Assumption (A1) suggests the use of conformal transformations, in which potential flow is transformed into uniform flow. The conformal transformations may be considered optimal among all the coordinate transformations since they result in new analytic coefficients and terms in the transformed differential equations. Analyticity is a desired property for the application of complex scaling to the study of the flow equations. (A2) and (A3) are standard first order choices (see L. D. Landau, E. M Lifshitz, Fluid Mechanics, Oxford: Pergamon Press Ltd., 1959) and are imposed to allow a qualitative analysis of the flow problem. Finally, (A4) may only be reasonable for nearly-laminar low-Re flow where turbulent phenomena does not develop.

Imposing assumptions (A1)-(A4) on the study of equation (2.2a, b) can provide a spectral analysis of vorticity.

3. Flow Past A Circular Cylinder

(a) Preliminaries: The Jacobian of a transformation from (x, y) coordinates to (ξ,η) coordinates may be denoted,

J ( ξ , η ; x , y ) ( ξ , η ) ( x , y ) x ξ y η - y ξ x η . ( 3.1 )
Then the vorticity equation in 2-dimensions, for ω=Δx,yψ can be written,

ω t = - ( ψ , ω ) ( x , y ) + v 0 Δ x , y ω . ( 3.2 )

This section considers the potential flow past a circular cylindrical of radius r0>0 where {right arrow over (q)}≃Uî at large distance from the object. The far field conditions on the stream function and vorticity are,
ψ(t,x,y)˜−Uy, ω(t,x,y)˜0, x 2 +y 2>>1,  (3.3a)
where in polar coordinates,
x=r cos θ, y=r sin θ, r 2 =x 2 +y 2.
For this flow profile the velocity field may be considered symmetric about the x-axis, at least in the case of low Re, such as between about 4 and about 10. This breaks down near the object when oscillations appear for moderate Re values; however, symmetry may be assumed so the stream function and vorticity will be an odd function of x, satisfying the boundary conditions,
ψ(t,x,y)=0, ω(t,x,y)=0, for y=0 or r=r 0  (3.3b)
To convert from the exterior of a cylinder r>r0, to the entire two-dimensional plane (excluding a finite line segment), one defines the complex coordinates,
z=x+iy, ζ=ξ+iη,  (3.3c)
and considers the mapping ζ=z/r0+r0/z, which in the 2-dimensional coordinates becomes,
ξ=(x/r 0)(1+r 0 2 /r 2), η=(y/r 0)(1−r 0 2 /r 2).  (3.4)
This transformation is uniquely invertible for x2+y2>r0 2, and provides a mapping from the exterior of a cylinder onto all space in the (ξ,η) coordinates, except for the branch cut on the line −2<ξ<2, η=0. Modified versions of the stream function and vorticity in these new coordinates, under assumptions (A1) and (A4), are taken to be,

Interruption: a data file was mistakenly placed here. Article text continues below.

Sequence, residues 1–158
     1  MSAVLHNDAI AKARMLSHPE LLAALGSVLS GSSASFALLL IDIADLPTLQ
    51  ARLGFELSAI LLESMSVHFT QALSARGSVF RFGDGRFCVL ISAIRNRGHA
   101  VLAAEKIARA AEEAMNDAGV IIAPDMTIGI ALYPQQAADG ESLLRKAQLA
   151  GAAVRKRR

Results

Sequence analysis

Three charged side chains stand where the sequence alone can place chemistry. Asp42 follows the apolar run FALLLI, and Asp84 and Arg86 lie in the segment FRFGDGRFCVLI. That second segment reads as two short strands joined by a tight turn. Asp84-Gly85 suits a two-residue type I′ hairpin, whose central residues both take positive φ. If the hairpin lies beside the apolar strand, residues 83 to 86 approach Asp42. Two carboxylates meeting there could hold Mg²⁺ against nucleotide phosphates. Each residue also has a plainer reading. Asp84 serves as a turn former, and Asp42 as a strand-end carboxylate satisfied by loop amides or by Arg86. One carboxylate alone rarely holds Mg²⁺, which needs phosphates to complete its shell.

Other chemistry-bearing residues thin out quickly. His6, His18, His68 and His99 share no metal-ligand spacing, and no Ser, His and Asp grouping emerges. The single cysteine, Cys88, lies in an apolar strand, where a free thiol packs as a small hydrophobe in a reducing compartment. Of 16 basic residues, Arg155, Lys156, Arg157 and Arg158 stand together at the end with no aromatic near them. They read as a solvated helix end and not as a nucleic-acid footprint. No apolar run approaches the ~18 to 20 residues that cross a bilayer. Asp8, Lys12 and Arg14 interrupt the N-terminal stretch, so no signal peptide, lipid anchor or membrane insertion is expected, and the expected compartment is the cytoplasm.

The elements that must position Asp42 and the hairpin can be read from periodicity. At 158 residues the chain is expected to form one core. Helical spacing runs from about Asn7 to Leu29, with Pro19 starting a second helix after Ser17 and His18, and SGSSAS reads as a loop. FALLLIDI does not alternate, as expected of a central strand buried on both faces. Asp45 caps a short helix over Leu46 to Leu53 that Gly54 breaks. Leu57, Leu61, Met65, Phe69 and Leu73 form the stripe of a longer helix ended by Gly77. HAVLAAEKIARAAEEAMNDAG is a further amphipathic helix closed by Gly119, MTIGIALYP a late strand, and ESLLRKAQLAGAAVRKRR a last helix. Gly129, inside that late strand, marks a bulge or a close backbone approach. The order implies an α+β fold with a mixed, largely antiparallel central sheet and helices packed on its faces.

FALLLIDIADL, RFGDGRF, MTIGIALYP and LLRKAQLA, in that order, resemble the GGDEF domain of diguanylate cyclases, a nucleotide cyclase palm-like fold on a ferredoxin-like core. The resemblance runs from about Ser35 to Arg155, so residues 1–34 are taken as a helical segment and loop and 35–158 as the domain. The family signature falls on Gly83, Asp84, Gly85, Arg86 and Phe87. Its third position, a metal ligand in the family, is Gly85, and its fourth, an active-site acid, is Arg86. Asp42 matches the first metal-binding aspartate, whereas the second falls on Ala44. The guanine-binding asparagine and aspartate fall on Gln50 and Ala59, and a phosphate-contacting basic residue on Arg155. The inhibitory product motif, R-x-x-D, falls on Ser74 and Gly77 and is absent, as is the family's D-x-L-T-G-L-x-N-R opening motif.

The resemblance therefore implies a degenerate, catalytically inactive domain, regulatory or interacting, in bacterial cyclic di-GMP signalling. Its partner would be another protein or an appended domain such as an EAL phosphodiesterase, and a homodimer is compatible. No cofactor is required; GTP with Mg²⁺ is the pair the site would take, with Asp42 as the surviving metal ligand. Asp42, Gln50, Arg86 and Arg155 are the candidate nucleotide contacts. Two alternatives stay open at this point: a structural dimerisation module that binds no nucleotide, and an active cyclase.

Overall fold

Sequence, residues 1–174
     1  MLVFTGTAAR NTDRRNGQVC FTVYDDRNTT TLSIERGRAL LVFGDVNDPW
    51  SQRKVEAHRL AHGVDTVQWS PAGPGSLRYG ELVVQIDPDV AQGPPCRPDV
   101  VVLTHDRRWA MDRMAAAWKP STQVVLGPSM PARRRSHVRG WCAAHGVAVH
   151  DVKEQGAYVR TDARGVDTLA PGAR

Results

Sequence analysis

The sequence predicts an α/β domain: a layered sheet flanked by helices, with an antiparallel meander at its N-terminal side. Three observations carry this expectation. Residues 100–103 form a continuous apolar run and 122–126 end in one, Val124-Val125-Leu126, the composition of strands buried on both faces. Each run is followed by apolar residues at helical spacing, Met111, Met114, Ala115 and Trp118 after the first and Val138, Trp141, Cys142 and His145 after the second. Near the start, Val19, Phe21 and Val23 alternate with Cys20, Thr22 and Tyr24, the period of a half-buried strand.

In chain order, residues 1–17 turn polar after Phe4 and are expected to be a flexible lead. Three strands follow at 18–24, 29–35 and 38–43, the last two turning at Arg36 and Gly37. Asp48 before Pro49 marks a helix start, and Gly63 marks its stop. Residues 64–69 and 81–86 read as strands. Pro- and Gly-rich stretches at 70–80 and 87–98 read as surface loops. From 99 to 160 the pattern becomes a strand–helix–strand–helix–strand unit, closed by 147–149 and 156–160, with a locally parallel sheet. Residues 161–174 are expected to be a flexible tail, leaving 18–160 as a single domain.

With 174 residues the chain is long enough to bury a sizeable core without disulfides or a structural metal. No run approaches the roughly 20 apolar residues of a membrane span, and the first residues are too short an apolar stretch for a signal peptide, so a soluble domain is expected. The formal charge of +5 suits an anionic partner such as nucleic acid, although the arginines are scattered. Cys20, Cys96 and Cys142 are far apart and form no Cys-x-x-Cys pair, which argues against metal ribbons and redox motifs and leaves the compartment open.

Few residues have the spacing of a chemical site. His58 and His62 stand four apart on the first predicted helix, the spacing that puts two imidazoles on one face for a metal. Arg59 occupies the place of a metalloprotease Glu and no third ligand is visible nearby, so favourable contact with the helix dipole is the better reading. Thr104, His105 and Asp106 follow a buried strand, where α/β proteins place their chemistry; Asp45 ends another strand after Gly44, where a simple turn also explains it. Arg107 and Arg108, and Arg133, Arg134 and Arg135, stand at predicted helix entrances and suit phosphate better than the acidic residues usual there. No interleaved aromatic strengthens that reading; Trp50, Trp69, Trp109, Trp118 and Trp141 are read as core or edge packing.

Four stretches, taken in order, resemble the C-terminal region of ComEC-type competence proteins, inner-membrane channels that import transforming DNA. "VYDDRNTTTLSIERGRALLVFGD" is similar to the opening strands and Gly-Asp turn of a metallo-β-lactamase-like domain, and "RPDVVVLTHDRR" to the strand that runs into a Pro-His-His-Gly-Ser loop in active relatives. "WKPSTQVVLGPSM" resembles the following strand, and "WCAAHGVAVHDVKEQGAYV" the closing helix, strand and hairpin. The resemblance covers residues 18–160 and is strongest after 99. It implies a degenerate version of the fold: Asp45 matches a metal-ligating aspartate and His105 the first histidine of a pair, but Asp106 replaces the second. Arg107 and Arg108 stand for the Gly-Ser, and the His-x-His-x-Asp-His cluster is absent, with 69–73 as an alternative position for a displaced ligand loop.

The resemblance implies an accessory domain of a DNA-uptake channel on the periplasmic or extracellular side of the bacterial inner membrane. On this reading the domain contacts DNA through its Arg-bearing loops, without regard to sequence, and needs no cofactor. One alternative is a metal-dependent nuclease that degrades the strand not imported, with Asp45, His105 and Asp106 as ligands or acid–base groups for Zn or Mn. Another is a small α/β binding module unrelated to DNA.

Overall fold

Ψ(η)≡ψ(t,x,y)=−Uη, W(t,ξ,η)≡I −1ω(t,x,y),   (3.5a)
where I2=J is the Jacobian of the coordinate transformation,
I 2 =J(ξ,η;x,y)=|dζ/dz| 2 =r 0 −2(1+[r 0 4−2r 0 2(x 2 −y 2)]/r 4)  (3.5b)
The vorticity equation becomes,
t IW=−I 2(−Ψ′(η)∂ξ IW)+v 0 I 2Δξ,η IW.   (3.5c)
Using the approximation in (3.5a) one can derive a non-symmetric evolution equation,
t W=(−U/2)(∂ξ I 2)W−UI 2(∂ξ W)+v 0 ξ,η IW.   (3.6)
To simplify this equation further, one can define the Reynolds number Re=2r0U/v0 and assume a harmonic time dependence,
W(t,ξ,η)=e −iσv 0 t W p(ξ,η).   (3.7a)
Finally, one can ignore the advection term, −UI2(∂ξW). The consequence is a symmetric Schrödinger equation,
iσW p =H(Re)W p,   (3.7b)
H(Re)=−( ξ,η I)+Re Vr 0(ξ,η),   (3.7c)
where H(Re) is a self-adjoint operator, referred to as the Hamiltonian. The potential function is Vr0(ξ,η) and depends on the radius r0. The potential takes the form,

Vr 0 ( ξ , η ) = ( ξ I 2 ) / ( 4 r 0 ) = ( - x x ξ + 3 y y ξ ) / ( r 4 r 0 ) - r 0 ( r 0 2 - 2 x 2 + 2 y 2 ) ( x x ξ + y y ξ ) / ( r 6 ) . ( 3.7 d )
FIG. 3 illustrates the contour of the potential function Vr0 in (3.7d) in the Cartesian coordinates (ξ,η).

The partial derivatives xξ, yξ are obtained by differentiating (3.4) and solving, which gives,
xξ=r 0(r 4 −r 0 2 x 2 +r 0 2 y 2)/[(x 2 −r 0 2)2 +y 2(2x 2 +y 2+2r 0 2)]
yξ=(−2r 0 3 x y)/[(x 2 −r 0 2)2 +y 2(2x 2 +y 2+2r 0 2)]  (3.7e)
The potential has two wells and two peaks at ξ=±2, η=0. The downstream part of the well near ξ˜2 is the deepest part of the potential. One can obtain an antisymmetric bound state, similar to the vortex pair seen for small Re in experiments and numerical solutions, near ξ=2, η=0.